I have found, from this url, the link between Lie derivative and covariant derivative. It is said at the end of question that Lie derivative of of a vector field $\xi^{\alpha}$ with respect to a vector $v^{\nu}$, denoted, $\mathscr{L}_{\mathbf{v}}\xi^{\alpha}$ is equal to :

$$\mathscr{L}_{\mathbf{v}}\xi^{\alpha} = v^{\mu}\nabla_{\mu}\xi^{\alpha}$$

It seems this definition is false, (asked for the validity of this definition on other forums) and I would like to know why this is false ?

Maybe on this link, it is done confusions between (1) the general expression of directional derivative :


and (2) Lie derivative (I think this one is correct) :

$\nabla_\mathbf{u} \mathbf{v} - \nabla_{\mathbf v} \mathbf{u} = [\mathbf{u},\mathbf{v}]=\mathscr L_u v$

Could anyone confirm the false information on this link above, i.e the following error of definition :

$$\mathscr{L}_{\mathbf{u}}v^{\alpha} = u^{\mu}\nabla_{\mu}v^{\alpha}$$

However, I see 663 view upvoters, it seems to me like fake informations or maybe I have forgotten something somewhere ...


  • $\begingroup$ They should be equivalent, assuming $\nabla_\mu$ contains the Christoffel terms. For example, assume you're working in flat space. Then $\nabla_v u = 0$ since $u$ is effectively a constant vector field, so they coincide. $\endgroup$
    – Aaron
    Commented Jul 10, 2018 at 21:59
  • $\begingroup$ -@Aaron in this case, this works but in general case where $\nabla_{\mathbf v}\mathbf u$ is different from $0$, it seems they are not equivalent, doesn't it ? $\endgroup$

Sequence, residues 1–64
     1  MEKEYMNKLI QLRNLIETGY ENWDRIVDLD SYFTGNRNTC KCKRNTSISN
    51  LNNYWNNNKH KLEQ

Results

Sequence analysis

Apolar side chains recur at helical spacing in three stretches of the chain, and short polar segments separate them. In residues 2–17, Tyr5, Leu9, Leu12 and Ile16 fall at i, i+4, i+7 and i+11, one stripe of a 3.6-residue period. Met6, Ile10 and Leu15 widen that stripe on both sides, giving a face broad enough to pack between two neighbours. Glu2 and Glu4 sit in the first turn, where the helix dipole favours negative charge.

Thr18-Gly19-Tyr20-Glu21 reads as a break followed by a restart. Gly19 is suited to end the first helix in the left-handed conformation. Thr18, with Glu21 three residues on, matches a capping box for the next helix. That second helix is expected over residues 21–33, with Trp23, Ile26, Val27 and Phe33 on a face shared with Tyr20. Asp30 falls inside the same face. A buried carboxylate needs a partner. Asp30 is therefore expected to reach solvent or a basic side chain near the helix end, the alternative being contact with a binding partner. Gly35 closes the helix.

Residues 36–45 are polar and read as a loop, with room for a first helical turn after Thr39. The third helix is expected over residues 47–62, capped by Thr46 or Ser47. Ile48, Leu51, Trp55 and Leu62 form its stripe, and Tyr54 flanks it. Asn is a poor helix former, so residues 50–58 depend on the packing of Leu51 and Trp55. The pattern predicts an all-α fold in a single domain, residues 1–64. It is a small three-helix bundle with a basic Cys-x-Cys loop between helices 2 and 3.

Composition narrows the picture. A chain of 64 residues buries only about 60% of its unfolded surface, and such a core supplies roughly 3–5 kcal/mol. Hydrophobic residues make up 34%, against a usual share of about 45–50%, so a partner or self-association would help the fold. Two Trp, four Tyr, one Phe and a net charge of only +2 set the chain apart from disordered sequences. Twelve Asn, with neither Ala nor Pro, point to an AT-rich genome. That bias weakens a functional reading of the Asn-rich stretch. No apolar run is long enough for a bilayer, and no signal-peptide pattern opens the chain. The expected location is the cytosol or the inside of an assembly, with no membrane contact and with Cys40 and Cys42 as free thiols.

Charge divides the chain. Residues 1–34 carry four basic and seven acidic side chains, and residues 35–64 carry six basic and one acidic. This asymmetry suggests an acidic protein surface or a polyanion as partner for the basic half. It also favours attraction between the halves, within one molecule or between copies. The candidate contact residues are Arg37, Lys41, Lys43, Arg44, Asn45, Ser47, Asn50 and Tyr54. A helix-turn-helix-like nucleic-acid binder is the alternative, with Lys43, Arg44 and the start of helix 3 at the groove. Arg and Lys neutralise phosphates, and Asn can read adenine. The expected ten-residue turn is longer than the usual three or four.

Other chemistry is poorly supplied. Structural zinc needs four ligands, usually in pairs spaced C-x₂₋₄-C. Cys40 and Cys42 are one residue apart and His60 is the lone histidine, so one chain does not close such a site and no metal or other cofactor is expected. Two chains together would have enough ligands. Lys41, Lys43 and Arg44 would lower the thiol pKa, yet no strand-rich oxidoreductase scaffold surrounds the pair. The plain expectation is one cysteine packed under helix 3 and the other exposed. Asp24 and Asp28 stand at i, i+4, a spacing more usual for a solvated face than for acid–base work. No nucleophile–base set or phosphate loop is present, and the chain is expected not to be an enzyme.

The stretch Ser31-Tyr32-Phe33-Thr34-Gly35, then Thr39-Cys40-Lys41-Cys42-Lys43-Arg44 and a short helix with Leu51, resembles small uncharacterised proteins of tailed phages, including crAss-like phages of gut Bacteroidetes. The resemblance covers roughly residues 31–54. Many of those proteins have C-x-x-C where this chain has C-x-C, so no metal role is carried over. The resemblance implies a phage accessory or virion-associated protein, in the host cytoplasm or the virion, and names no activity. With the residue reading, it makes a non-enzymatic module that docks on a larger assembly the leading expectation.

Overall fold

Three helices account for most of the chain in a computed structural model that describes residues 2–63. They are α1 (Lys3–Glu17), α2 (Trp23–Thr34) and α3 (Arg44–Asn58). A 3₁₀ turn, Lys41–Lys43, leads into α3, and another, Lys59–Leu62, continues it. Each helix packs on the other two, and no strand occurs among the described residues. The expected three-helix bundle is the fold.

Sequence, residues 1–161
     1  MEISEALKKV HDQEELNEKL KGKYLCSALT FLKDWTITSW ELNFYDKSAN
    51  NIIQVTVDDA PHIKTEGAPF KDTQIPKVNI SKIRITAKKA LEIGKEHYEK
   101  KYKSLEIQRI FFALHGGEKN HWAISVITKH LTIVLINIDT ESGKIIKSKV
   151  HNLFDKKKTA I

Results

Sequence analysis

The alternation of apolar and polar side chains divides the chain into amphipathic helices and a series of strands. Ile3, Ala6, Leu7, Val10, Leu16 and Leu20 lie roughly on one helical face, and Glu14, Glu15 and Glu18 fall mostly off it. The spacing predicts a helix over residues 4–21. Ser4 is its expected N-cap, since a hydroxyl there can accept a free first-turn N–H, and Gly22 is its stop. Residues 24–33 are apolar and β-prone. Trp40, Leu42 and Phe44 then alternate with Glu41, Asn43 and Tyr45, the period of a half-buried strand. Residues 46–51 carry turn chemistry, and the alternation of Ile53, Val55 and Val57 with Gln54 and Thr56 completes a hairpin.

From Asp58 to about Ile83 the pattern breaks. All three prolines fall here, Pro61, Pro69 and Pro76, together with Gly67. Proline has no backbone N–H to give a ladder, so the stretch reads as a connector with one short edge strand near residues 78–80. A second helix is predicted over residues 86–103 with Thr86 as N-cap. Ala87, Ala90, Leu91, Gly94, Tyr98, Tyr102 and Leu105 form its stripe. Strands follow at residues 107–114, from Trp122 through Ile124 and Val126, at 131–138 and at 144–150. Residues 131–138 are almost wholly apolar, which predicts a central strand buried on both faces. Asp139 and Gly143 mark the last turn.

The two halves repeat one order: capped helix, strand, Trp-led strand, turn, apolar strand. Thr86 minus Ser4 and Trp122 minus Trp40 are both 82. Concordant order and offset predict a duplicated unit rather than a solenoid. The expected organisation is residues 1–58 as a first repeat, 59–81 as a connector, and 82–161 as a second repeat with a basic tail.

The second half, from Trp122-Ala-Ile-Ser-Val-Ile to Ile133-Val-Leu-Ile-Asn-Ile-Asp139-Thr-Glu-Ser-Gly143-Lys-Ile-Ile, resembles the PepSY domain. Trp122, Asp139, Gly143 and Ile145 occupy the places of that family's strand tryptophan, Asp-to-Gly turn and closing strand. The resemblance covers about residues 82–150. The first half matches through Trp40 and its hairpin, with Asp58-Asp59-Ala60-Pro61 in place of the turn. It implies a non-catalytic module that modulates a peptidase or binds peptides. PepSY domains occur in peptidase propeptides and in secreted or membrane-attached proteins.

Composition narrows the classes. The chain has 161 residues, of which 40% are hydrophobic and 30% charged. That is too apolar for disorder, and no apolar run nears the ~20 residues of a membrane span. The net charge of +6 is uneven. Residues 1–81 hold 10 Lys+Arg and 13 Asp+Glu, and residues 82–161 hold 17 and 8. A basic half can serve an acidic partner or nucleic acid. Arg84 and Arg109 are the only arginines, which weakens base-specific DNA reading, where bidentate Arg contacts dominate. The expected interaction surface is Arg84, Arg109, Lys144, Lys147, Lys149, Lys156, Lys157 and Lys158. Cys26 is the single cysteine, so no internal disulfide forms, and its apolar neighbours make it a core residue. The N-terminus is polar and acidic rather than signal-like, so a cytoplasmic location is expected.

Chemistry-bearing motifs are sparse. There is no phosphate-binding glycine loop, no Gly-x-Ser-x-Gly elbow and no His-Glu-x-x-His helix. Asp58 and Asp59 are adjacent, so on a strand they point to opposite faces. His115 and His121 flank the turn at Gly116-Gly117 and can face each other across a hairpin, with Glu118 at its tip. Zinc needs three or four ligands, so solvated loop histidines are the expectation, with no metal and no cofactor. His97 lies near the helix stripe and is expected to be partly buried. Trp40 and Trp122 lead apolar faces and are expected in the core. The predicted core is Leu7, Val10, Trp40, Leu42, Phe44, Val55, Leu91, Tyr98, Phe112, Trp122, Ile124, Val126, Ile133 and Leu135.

– user87745
    Commented Jul 10, 2018 at 22:25

1 Answer 1


From J. M. Lee, Introduction to Smooth Manifolds:

Theorem 9.38. If $M$ is a smooth manifold and $V, W \in \mathfrak{X}(M)$, then $\mathfrak{L}_V W = [V,W]$.

Now, turning to Problem 4-2 from the same author's Riemannian Manifolds:

(...) define a map [the torsion] by $\tau(X,Y) = \nabla_X Y - \nabla_Y X - [X,Y]$.
a) (...)
b) We say $\nabla$ is symmetric if its torsion vanishes identically. Show that $\nabla$ is symmetric if and only if its Christoffel symbols with respect to any coordinate frame are symmetric: $\Gamma^k_{ij} = \Gamma^k_{ji}$.

The Levi-Civita connection has symmetric Christoffel symbols. Therefore, the torsion is zero and $[X,Y] = \mathfrak{L}_X Y = \nabla_X Y - \nabla_Y X$.

So yes, the link is wrong.

  • $\begingroup$ -@Javier thanks a lot ! So as a conclusion, there 3 things different : 1) the covariant derivative, 2) the generalized directionnal derivative of $v^\alpha$ vector field along $u$ vector $\text{D}_{\mathbf{u}}v^{\alpha}= u^{\mu}\nabla_{\mu}v^{\alpha}$ and 3) the Lie derivative : $\nabla_\mathbf{u} \mathbf{v} - \nabla_{\mathbf v} \mathbf{u} = [\mathbf{u},\mathbf{v}]=\mathscr L_u v$, is it right ? $\endgroup$
    – user87745
    Commented Jul 10, 2018 at 23:27
  • 1
    $\begingroup$ @youpilat13 Yes, though 2) is the contraction of 1) with the direction vector $u^\mu$. $\endgroup$
    – Javier
    Commented Jul 10, 2018 at 23:28
  • $\begingroup$ yes, the covariant derivative of a vector $\mathbf{v}$ along a vector $\mathbf{u}$ has a $j-th$ component under the form : $(\nabla_{\mathbf u}\mathbf v)^{j} = u^k\left(\frac{\partial v^j}{\partial x^k} + v^i\Gamma^j_{ki}\right)= u^{k} (\nabla_{k}\vec{v})^{j}$, is it good ? $\endgroup$
    – user87745
    Commented Jul 10, 2018 at 23:58
  • $\begingroup$ @Javier You are correct good sir, and I am mistaken. For a Lie derivative against a constant vector field, it becomes equivalent to the directional derivative with a partial derivative, not the covariant one. $\endgroup$
    – Aaron
    Commented Jul 11, 2018 at 0:16
  • 1
    $\begingroup$ @youpilat13 that's correct. $\endgroup$
    – Javier
    Commented Jul 11, 2018 at 11:05

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